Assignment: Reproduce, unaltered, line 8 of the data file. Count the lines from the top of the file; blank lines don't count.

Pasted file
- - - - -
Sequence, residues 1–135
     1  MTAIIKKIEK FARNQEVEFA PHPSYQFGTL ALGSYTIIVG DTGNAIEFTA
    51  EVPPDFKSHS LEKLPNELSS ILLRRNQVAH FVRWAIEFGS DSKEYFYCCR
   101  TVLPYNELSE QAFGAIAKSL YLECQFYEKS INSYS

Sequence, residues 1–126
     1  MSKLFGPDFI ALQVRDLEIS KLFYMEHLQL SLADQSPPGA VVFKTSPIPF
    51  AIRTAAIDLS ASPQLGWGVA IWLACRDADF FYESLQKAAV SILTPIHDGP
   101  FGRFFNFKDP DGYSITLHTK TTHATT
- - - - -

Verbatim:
   101  FGRFFNFKDP DGYSITLHTK TTHATT